The dough is set aside to rise for about 2 hours until doubled.  Then it is divided in half and shaped into boules (balls) or batards (ovals).  The boules are placed into bannetons (special baskets) or a stainless steel bowl. lined with an oiled and well floured cloth, for their final proofing.  The batards are placed on a stiff cotton or canvas cloth with the sides built up around the dough so that the oval shape holds and does not flatten.  I made one boule and one batard.  After about 3 more hours the loaves had finished their final rise and were ready for the oven.

The loaves are baked on a baking stone in a hot (500 degree F) oven for about 20 minutes.

I had to slice into the bread before the recommended 45 minute cooling waiting period was up because someone was impatient.

The sliced bread was quite beautiful studded with pecans and blueberries.

 

The bread was even better the next day with butter for breakfast .

#29. Pugliese bread

 

 Fancy durham flour!!?? Are you kidding me?  As I read through the ingredient list for this 29th bread of the Bread Baker’s Apprentice Challenge, I was stunned to discover that we needed yet another variety of flour to produce the Pugliese Bread.  My freezer already looks like an ad for King Arthur Flour.

In my pantry and freezer I currently have all-purpose flour, bread flour, high gluten bread flour, semolina flour, clear flour, white rye flour, pumpernickel flour, whole wheat flour and pastry flour.  But with a name like “Fancy ”, how could I resist?  Of course I caved and bought a bag. 

Pugilese bread hails from the Apulia region of Italy.  It is similar to Ciabatta bread except that it is usually shaped in a round rather than the slipper shape of the ciabatta.  The other distinction is that authentic Pugilese bread uses  golden durham flour, which is finely milled and then packaged as Fancy durham flour.  And of course, I want my Pugilese breead to be authentic.

The making of this breads begins on day one with the preparation of a starter dough known as a biga.  The biga contains flour, yeast and water.  It rests on the counter for several hours and then is put in the fridge overnight to help boost flavour.  The next morning the biga is removed from the fridge and allowed to come to room temperature.  Then the final dough is made.  This is quite a wet dough.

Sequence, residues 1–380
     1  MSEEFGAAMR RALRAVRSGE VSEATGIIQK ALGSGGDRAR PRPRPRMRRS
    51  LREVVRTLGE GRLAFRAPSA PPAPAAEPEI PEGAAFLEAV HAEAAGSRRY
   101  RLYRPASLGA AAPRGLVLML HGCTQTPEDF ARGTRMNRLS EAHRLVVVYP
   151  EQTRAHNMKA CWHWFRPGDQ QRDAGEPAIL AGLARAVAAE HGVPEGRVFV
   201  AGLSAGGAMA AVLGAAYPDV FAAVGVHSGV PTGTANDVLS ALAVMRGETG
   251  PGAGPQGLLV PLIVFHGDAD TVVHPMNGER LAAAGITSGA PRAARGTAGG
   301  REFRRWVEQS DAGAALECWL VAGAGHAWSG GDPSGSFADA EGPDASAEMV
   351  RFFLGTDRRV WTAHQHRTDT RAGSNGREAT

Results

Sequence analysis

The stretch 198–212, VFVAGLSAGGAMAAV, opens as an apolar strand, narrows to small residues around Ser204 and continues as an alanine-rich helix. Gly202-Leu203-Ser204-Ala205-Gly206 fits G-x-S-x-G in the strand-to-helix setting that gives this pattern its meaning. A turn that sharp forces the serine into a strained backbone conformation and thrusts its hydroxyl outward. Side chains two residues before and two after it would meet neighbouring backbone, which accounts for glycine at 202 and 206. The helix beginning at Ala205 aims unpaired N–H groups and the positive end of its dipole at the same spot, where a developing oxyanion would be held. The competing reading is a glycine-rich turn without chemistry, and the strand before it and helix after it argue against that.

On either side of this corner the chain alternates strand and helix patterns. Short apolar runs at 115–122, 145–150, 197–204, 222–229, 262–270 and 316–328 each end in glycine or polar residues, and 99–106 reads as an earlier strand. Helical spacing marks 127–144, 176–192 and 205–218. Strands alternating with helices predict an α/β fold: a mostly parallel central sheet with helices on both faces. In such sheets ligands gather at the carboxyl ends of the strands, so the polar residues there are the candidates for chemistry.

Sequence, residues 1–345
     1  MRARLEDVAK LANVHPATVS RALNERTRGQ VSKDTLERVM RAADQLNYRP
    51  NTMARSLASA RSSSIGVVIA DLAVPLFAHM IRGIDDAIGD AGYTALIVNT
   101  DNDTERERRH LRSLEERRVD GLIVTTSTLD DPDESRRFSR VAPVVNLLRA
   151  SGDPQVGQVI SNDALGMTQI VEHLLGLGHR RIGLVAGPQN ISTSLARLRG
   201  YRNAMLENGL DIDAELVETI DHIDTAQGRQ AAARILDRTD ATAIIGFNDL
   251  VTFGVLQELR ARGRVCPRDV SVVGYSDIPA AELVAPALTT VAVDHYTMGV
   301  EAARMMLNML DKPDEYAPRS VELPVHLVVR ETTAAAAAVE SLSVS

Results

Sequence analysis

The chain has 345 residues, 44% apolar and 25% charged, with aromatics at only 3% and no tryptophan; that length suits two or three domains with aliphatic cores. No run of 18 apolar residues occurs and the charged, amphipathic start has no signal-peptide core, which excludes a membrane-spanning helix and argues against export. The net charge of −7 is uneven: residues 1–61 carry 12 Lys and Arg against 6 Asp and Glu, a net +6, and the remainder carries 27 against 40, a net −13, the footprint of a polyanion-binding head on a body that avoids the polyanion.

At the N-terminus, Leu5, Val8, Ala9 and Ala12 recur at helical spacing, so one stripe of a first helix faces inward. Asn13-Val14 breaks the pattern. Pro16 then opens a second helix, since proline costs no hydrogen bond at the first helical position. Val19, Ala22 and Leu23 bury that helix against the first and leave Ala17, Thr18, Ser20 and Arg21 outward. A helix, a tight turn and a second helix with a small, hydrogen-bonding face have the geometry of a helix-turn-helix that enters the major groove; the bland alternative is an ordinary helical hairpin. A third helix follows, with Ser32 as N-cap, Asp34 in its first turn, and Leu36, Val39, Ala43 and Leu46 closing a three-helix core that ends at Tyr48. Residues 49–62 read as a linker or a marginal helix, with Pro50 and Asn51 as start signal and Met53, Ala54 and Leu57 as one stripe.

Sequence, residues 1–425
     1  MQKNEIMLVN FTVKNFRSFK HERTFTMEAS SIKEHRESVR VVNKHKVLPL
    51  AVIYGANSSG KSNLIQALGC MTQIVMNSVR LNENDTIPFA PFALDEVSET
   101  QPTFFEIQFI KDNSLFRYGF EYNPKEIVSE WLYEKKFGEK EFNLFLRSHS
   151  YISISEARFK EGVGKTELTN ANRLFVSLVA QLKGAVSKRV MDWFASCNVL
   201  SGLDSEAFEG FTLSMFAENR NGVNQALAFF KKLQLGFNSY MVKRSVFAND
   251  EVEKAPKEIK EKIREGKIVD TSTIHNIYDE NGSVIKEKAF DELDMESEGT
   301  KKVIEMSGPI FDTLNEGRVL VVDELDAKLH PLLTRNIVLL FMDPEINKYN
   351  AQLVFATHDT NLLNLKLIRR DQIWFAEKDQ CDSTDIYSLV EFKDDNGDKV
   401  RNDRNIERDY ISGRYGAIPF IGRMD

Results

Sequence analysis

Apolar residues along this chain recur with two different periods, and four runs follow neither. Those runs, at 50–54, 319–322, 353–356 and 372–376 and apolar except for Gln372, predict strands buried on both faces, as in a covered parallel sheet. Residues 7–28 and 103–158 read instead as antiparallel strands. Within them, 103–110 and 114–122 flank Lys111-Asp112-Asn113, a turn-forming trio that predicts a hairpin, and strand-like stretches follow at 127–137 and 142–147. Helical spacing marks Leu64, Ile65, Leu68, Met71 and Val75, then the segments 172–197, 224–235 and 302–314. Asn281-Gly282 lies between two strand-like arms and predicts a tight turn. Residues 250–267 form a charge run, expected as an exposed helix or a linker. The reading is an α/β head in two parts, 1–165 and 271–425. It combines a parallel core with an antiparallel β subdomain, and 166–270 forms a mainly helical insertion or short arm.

I used the Kitchen Aid and mixed for about 6 minutes until the dough was smooth.  The dough cleared the sides of the bowl, but still stuck to the bottom.  This is exactly what you want.

 

Then the dough is transferred to a heavily floured counter and is stretched and folded 3 times with a 30 minute rest between each session of stretch and fold.  

 

 

 

 Then the dough is placed in a bowl and covered with plastic wrap and covered for 2 hours.  Next, divide the dough in half and form 2 boules.

 Then the dough is set aside for it’s final rise in proofing bowls.  I was quite excited to try out my proofing basket.  I found it in my cupboard a few years ago and had no idea what it was for until I started this challenge.  I only have one of these so I used a small stainless steel bowl as well.

 Each bowl is lined with a clean cotton or linen towel which has been slightly sprayed with pam and dusted with flour.  The boules of dough go in seam side up and are covered with the towel for their final rise.

After about 90 minutes, the boules are placed on a baking peel, scored with a sharp knife and transfered to a baking stone in a very hot (500) oven.

After about 20 minutes the loaves are done.  Scoring skills still need work.

The bread was delicious dipped into olive oil and balsamic vinegar. 

The crumb was a bit tighter than I had imagined it would be, given the high hydration of this dough.

Pugilese bread is perfect for tuna melts the next day!